The challenge is that a customer often interacts with multiple departments and business units in a bank, and provides data in each of those interactions. In traditional data collection processes, that data is often siloed and isn’t always accessible to employees in other parts of the bank.
Digitizing the data intake process makes it easier for banks to get a single customer view by standardizing and consolidating data from all organizational sources and making it accessible to all departments and units. Since digital data is standardized, it can be integrated with various bank systems, and all bank employees can access customer information quickly and easily, eliminating the need to collect the same data repeatedly.
With a full view of the customer, the bank can personalize service and offers to meet their customers' specific needs and preferences. For example, instead of bombarding customers with all the offers and promotions the bank has to offer, banks can make sure that customers only see the offers that are most relevant to them.
The benefits to customer service don’t end there. Digital data intake processes are designed to be user-friendly and easy to navigate. They include clear instructions and short, simple steps, preventing the frustration and confusion customers often experience with long manual forms.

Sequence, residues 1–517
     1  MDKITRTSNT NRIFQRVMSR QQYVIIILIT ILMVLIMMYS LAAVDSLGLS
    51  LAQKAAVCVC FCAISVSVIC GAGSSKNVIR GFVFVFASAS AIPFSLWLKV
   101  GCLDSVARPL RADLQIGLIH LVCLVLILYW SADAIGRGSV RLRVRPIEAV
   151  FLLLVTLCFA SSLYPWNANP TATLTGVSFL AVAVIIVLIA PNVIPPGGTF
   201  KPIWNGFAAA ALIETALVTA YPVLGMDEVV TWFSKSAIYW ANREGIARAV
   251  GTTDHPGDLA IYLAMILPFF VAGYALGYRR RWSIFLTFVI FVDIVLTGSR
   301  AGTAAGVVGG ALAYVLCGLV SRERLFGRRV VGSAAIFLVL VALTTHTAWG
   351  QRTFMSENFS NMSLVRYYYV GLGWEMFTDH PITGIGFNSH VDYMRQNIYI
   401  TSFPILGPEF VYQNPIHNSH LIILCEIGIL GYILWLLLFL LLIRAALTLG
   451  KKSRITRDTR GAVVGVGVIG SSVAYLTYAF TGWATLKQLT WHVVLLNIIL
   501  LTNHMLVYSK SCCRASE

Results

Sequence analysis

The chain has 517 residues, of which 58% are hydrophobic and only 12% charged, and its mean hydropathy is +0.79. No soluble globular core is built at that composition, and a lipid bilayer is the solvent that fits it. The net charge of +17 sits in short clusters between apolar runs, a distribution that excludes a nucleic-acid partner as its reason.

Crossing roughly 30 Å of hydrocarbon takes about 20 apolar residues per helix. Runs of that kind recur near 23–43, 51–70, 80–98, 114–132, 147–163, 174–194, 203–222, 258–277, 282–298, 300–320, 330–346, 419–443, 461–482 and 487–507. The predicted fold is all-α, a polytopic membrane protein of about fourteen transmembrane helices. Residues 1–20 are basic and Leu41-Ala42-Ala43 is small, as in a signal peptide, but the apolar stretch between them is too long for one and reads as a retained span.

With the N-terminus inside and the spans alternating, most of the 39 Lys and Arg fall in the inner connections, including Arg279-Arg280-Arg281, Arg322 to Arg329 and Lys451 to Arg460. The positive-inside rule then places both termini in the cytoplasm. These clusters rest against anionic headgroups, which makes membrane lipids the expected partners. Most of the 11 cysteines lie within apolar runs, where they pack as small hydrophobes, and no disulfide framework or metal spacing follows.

Furthermore, with digital data intake, customers can provide data on their own devices and schedule, with no need to rush or wait for an agent to become available. And that’s important since 67% of customers prefer to use self-service instead of working through an agent. And even if they do need support from an agent at some point, the agent will have instant access to the data they have already provided for seamless integration.
2. Increased Efficiency
Manual processes are never very efficient, and data intake is no exception. First of all, human beings make mistakes, there’s no way to prevent them entirely. That’s why when data intake processes have manual touchpoints, errors are inevitable. Forms then have to be reviewed manually to catch the mistakes, often creating a backlog and sapping valuable organizational resources. And when a mistake has been identified, more resources are needed to track down the customer and fix the mistake.